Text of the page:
Growing up I always had my hands in something. From play-doh to carving sticks, building with wood and nails, to sand and snow… if there was something in front of me, I'd play and create. I still find myself playing in sand as an adult, and with rocks, and especially doodling on napkins in restaurants and bars. My husband actually kept the very first napkin doodle I made with him when we first began dating.
When it came to school, art class was always my favorite subject. I can't remember a single class I didn't enjoy (unlike gym class). I did an independent study in high school where I focused on impressionism - biggest lesson learned: shadows can blue, or red, or just about any color. And skies, even though appear blue, have a vast array of colors. This taught me to look harder at everything.
Loving art so much, I wanted to go to art school. My parents wanted me to attend a liberal arts college. As much as it frustrated me, I understood. They only wanted better for me than they had for themselves. And how many times do you hear the word "starving" along with "artist"? I headed off to college as "Undecided" knowing that would only last me two years... MAX. I discovered the fashion design program at my college. I figured this was a good balance between my parents wishes and mine. With one year left to graduate, I changed my mind again. This time, it was Digital Media/Graphic Design. I eventually graduated two years later, with a LOT of credits, and with a degree.
I got my first job out of college as a Graphic Artist for a direct mail marketer of women's apparel. After about 3 years and learning that the term "starving artist" wasn't far from the truth, I landed an entry level job in marketing for a tradeshow and conference organizer. I thought this would be an opportunity to open doors for the future and still be creative in some way. After a promotion and working towards getting my MBA, I realized that marketing wasn't for me. I left that job and used my new found time to plan Justin and I's wedding while looking for a job that truly inspired me. A few months before our wedding, I was offered a freelance position at a bicycle manufacturing company. While freelancing there, a full time position opened up. I soon became the graphic designer for women's bicycles, responsible for color and graphics. It was a fun job, with lots of travel to some amazing places including Taiwan, China, Germany, Utah, Texas and California among other places. It was definitely an amazing feeling to work on physical product and then see it "out there in the wild". Although I enjoyed the job, I still occasionally felt frustrated… perhaps confined to only working on bicycle frames and mainly only on the computer. I love getting my hands into things, love touching and feeling and really using them - and the keyboard and mouse weren't really cutting it. While working there, I became pregnant and that's pretty much where A Mommy's Creative Binge began… I just hadn't known it yet.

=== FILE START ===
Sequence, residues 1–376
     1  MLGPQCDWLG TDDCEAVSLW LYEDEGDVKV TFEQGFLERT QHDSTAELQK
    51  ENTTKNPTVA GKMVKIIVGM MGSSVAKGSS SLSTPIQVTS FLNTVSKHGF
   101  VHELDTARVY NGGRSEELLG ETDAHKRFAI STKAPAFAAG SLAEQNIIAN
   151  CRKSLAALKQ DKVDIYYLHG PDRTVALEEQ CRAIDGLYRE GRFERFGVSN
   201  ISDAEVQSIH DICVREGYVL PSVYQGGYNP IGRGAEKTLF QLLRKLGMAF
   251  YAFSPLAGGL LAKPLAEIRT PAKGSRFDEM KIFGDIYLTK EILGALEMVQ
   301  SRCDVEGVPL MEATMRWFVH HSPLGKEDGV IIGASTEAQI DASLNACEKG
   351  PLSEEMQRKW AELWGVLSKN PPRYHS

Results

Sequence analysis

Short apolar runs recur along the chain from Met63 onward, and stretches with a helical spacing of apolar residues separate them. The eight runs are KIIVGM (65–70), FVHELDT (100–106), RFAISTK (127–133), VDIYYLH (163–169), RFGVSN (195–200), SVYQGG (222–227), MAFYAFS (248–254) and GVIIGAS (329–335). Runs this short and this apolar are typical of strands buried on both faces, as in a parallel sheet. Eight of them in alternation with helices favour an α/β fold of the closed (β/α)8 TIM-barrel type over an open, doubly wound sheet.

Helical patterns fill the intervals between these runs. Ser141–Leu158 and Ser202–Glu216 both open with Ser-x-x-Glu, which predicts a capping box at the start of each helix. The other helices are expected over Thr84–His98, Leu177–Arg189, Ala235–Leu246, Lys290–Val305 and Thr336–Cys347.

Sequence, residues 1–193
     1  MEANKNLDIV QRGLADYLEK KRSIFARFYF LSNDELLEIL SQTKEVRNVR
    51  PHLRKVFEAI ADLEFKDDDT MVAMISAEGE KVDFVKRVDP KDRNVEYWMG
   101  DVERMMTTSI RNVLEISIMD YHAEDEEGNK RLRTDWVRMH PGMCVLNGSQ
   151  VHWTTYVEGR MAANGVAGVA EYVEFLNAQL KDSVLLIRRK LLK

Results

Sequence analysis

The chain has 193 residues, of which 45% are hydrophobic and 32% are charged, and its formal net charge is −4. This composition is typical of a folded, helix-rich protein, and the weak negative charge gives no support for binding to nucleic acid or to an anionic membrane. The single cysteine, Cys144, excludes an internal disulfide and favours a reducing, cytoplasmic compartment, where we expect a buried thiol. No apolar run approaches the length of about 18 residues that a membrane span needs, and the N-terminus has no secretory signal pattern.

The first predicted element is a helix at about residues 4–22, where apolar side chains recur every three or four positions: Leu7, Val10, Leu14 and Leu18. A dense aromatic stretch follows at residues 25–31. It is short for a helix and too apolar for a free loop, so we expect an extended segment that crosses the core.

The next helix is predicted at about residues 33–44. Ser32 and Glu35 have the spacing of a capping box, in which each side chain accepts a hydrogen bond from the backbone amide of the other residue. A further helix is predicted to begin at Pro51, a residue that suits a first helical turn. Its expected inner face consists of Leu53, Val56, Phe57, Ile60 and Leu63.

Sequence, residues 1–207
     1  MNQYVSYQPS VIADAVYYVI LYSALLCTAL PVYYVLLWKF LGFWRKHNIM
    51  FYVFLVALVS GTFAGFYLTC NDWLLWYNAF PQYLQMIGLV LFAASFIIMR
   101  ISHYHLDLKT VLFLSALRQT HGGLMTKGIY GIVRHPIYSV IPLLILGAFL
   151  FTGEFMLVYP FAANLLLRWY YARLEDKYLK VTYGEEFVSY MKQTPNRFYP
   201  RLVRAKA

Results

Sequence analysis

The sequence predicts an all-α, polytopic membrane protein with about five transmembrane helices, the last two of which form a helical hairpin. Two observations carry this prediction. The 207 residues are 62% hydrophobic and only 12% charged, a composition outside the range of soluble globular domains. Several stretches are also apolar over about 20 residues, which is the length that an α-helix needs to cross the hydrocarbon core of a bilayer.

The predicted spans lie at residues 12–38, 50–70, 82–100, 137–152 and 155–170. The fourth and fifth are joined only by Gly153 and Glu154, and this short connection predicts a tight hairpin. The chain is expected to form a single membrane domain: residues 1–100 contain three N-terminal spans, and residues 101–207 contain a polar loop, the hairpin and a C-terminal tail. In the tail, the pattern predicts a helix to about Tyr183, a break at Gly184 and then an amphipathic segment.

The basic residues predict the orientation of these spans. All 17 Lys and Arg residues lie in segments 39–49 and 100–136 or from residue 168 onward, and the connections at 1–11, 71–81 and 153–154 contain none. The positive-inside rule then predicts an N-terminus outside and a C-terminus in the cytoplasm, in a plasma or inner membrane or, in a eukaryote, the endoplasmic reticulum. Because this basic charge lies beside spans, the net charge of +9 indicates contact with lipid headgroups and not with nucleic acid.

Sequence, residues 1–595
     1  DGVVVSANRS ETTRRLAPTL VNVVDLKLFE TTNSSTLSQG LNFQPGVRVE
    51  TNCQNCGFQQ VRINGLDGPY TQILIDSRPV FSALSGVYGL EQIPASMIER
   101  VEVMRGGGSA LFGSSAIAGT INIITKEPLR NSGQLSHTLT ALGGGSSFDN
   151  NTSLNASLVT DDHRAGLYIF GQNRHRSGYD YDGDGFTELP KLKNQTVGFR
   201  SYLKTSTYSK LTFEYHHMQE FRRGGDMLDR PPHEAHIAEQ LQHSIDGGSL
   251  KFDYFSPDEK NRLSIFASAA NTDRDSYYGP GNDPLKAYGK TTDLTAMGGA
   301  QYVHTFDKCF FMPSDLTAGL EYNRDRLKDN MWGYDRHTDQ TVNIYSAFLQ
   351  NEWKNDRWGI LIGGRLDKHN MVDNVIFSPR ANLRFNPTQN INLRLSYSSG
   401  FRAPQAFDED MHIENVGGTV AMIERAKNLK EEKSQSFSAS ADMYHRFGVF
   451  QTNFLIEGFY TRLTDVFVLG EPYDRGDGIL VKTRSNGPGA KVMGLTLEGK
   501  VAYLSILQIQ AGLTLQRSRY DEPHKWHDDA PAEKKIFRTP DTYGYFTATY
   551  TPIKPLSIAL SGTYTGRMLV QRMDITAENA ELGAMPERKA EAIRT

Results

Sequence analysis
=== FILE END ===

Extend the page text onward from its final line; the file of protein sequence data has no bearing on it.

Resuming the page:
In retrospect, I love every decision I've made because it has gotten me to this point. I feel incredibly lucky to be where I am today. I've learned that's there no point in trying to turn someone away from the direction they were meant to go… they'll just end up back there again no matter how many detours they take.